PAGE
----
When it comes to pie crust, it doesn’t get simpler than a buttery graham cracker base. Just press the golden mixture into the pan, then bake it for only a few minutes. For her flavorful filling, Katie opts for a bright, refreshing combination of fresh lemon juice and sweetened condensed milk. Once the pie is frozen, she finishes the dessert with fluffy whipped cream for a crowd-pleasing presentation.
by Lauren Miyashiro in Food Network Magazine, March 20th, 2015
Lesson learned by Food Network Magazine editors while working on the April issue: Leave latte art to the professionals. Those pretty heart and rosetta foam patterns you splurge for at the coffee shop are no easy feat. They require hours of practice and a very precise foam consistency. However, if you can master the perfect pour, it’s a great party trick to show off at your next brunch. So if you’re feeling ambitious and have a home espresso machine and milk frother, it’s worth a try. Don’t worry if you fail, though. In Maile Carpenter’s editor’s letter, the editor-in-chief admits that her attempt ended up looking like a “beach ball with arms.” At the very least, you’ll gain a deeper appreciation for your local baristas and feel better about dishing out close to $5 for a cup of fancy espresso.
Read on to learn which tools you need, how to froth like a pro and the technique for the perfect pour.
by Jennifer Perillo in Recipes, March 20th, 2015
Whether you enjoy them scrambled, poached or fried (on just about everything) or used in pancakes, waffles or French toast, eggs are the ultimate breakfast food. But how much do you know about the carton in your refrigerator? Take Food Network Magazine’s quiz below to find out if you’re a “rotten egg, aspiring eggspert or true egghead.” Then browse through the delicious egg recipes from the new issue and get cracking!
by Food Network Kitchen in Recipes, Shows, March 20th, 2015
If you love home cooking but think you don’t have time for it on busy weeknights, guess again. The solution is simpler than you think: your supermarket’s frozen food aisle.
Veggies: Most vegetables are quickly blanched (plunged into boiling water, then immersed in cold water to stop the cooking process) before being frozen. The reason for this step is to stop the enzymes from breaking down, which results in loss of flavor, color and texture. So those bags of frozen veggies are comparable to their fresh counterparts, and in some cases, they’re a better choice if the vegetable you’re craving isn’t in season.
Pizza Dough: This is another staple in my house. You can stock up on your favorite brand from the supermarket, or make a few batches and store it in zip-top bags. All it needs is a little advance planning to thaw in the fridge overnight, and you’re ready for a quick weeknight meal. These doughnuts from Giada De Laurentiis, while not quite dinner, are on my to-make list too.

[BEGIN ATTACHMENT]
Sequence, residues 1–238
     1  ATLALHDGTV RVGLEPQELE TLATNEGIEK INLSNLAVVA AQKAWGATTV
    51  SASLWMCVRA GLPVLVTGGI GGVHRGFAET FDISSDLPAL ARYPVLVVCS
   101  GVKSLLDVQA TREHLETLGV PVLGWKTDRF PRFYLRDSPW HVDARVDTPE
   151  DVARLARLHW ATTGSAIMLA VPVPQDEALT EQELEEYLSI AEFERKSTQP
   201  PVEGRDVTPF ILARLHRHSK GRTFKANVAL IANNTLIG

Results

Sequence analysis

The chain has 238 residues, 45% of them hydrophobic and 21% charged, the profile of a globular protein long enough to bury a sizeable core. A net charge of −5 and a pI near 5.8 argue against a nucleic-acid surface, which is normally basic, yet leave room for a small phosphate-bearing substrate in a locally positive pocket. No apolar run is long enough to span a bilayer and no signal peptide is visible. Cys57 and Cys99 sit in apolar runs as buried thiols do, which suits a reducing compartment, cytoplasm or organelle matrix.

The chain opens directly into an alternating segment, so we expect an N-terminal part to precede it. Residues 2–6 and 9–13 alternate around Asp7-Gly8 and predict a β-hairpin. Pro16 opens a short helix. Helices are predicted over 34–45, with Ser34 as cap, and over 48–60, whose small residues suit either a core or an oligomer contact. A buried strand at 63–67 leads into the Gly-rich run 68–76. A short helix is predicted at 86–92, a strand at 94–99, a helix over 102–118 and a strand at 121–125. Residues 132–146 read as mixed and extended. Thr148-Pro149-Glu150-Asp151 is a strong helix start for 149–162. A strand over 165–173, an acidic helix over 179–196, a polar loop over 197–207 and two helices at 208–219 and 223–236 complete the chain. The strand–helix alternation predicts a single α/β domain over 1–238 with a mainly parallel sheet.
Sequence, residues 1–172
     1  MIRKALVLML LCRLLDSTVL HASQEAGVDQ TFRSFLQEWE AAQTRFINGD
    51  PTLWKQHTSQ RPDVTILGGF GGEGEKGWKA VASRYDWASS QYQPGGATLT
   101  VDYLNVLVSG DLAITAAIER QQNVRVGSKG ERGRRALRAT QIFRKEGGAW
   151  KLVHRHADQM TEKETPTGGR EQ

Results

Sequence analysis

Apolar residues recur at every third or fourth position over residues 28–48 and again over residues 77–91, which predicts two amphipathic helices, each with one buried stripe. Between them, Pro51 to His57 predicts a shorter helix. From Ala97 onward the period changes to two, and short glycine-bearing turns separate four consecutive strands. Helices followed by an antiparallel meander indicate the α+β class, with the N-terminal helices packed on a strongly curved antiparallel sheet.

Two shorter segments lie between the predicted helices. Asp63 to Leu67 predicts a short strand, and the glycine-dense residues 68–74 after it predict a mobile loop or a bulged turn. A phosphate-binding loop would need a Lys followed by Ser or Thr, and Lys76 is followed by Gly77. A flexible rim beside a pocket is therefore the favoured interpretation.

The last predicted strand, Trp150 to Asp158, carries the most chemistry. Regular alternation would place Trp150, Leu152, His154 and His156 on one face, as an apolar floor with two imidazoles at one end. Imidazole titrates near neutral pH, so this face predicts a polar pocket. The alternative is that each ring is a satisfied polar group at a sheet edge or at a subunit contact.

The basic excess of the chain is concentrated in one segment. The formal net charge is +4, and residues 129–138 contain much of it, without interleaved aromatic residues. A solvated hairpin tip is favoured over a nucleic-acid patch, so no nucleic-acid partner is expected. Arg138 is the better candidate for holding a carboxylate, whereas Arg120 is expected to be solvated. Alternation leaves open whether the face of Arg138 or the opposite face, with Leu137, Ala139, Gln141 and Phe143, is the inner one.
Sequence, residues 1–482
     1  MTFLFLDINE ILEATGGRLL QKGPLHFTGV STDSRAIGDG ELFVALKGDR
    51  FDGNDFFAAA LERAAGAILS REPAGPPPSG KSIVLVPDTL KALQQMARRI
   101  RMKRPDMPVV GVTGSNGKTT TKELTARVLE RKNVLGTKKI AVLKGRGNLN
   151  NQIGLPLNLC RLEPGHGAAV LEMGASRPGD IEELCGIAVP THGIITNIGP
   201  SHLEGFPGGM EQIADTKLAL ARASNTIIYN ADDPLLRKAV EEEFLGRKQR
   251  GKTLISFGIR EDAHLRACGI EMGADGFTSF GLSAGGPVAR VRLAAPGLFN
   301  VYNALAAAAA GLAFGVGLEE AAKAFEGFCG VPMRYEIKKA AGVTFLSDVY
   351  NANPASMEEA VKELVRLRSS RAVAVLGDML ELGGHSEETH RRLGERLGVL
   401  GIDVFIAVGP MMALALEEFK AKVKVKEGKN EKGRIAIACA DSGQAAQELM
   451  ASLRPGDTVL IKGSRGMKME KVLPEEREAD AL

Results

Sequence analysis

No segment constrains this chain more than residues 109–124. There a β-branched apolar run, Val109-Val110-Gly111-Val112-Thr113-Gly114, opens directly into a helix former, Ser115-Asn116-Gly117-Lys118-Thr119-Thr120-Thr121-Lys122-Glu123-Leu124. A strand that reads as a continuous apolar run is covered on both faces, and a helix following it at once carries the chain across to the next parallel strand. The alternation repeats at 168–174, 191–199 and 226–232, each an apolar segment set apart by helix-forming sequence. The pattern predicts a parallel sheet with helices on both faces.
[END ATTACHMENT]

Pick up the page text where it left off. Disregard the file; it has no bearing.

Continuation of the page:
by Rosanna Talarico in Shows, March 20th, 2015
If you’re like some of us in Food Network Kitchen, then competition shows make your heart race right along with the contestants! That was the case this past Sunday, during the third episode of All-Star Academy, when Alex Guarnaschelli’s and Bobby Flay’s teams went head-to-head in a sweet-turns-savory cook-off. Who else wanted to hide behind a couch cushion when Ted Allen revealed the elimination challenge was cooking with marshmallows in a savory dish? Read more
by Amy Reiter in News, March 19th, 2015
Don’t miss great recipes, tips and tricks this weekend on Food Network. Tune in Saturday morning for a sweet start on The Pioneer Woman as Ree Drummond shares quick and easy desserts the whole family will enjoy. Next, on The Kitchen, the cast has a lineup of pantry staple recipes, freezer fixes, and unique ways to use your kitchen leftovers. On Sunday, join Nancy Fuller and her bowling team for a pre-tournament brunch of Cream Cheese-Stuffed French Toast, Sausage and Bacon Hash, Berry Granola Parfait and a special punch.
On Sunday night, sit back and enjoy three hours of competition filled with new obstacles and challenges on Guy’s Grocery Games, All-Star Academy and Cutthroat Kitchen starting at 8|7c.
When you look at your grocery bills, you may feel like you’re blowing the bank on food, but guess what? Americans today actually spend less money on food than they did in 1960.
According to a chart recently released by the U.S. Department of Agriculture, the average share of per capita income spent on food in U.S. households in 2013 was 9.9 percent, up a teensy bit from 2007, when it was 9.6 percent, but dramatically lower than the 17.5 percent spent in 1960.